Worse, one cannot easily compare the EPE among different GPSs, even units made by Garmin. This is because the EPE is a number that Garmin arrives at through a proprietary formula. Different manufacturers arrive at their EPE differently, and even among models made by the same company, the calculations may vary. So EPE is merely a qualitative measure of accuracy.

Interestingly, older Garmin units, like the 12 series, used to display DOP (Dilution of Position). This measurement is calculated according to a standard formula, so it can be used to compare accuracy of a location among different units. Yet it was dropped from more recent models, presumably because it is just a number (a DOP of 3 is better than a 4), so it doesn’t mean much to the average user.

Once you have recorded a trail, there is no way to compare its relative accuracy to other GPS recordings of the same trail because none of the accuracy information is stored with the waypoint or track data. For more details on all this, read this forum thread on GPS accuracy.

What does this mean for the average user?

1. After you turn on your GPS, allow it to record its position in one spot for a while before taking a waypoint. Accuracy tends to increase once a GPS has been on for a few minutes.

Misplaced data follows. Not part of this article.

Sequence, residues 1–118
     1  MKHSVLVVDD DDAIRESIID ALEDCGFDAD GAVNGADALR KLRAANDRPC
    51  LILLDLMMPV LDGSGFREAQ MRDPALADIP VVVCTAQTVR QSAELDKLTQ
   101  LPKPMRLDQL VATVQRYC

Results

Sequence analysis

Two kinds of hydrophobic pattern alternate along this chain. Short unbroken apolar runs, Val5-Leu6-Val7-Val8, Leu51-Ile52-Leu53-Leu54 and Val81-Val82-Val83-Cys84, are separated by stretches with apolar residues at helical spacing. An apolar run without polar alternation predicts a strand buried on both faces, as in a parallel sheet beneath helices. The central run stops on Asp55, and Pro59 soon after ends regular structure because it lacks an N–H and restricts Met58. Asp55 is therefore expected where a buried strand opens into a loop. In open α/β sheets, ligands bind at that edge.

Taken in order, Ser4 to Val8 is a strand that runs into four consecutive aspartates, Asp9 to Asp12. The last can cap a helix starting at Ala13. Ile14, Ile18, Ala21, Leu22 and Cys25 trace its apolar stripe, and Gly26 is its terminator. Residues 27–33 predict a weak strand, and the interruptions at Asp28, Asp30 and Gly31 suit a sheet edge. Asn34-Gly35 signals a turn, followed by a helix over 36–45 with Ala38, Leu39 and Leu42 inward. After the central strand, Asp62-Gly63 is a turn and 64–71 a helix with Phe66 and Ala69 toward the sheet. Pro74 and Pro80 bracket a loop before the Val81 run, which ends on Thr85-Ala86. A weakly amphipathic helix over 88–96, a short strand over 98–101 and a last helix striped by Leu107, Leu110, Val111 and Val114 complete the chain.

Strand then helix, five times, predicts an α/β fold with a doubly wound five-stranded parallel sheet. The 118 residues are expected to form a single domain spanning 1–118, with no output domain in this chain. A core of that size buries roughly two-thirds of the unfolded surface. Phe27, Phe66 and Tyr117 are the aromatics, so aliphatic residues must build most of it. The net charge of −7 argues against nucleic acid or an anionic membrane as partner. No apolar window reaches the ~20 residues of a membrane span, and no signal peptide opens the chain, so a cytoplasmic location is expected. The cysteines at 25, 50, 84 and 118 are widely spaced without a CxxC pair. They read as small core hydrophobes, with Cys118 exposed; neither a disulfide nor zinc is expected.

2. Keep an eye on the accuracy numbers. If they go up to for example 15m, then your track may be off by as much as 50 m. Normally this is not a big deal, but it could mean that a trail running close to a creek may appear to be on the other side of the creek. Keep a close eye on the map, and know how to read it. I always carry paper maps as backup.

3. If you use your GPS to record trails, get one of the more advanced units, like the GPSMAP 62s. They have more sensitive antennas, which work well even within buildings or under tree cover. My Vista HCx also performs well in the forest.

But most importantly, get out there, and have fun!

Movie shot with new Canon 8-15mm fisheye

Canon recently commissioned a short movie, shot exclusively with its new 8-15mm Fisheye. The results are pretty amazing. So is the technique to create the movie – using a remote-controlled helicopter. Very cool.

Canon Fisheye movie

Canon Fisheye movie

The making of With

The making of "With"

Trekking in Bhutan featured by Lonely Planet

Lonely Planet just released a list of Top 10 sustainable experiences in the world on its website. Fourth on the list is hiking in Bhutan. As main resource it lists our Mild and Mad Day hikes in Thimphu and my Trekking in Bhutan website.  Visitation to the site doubled instantly. Very cool.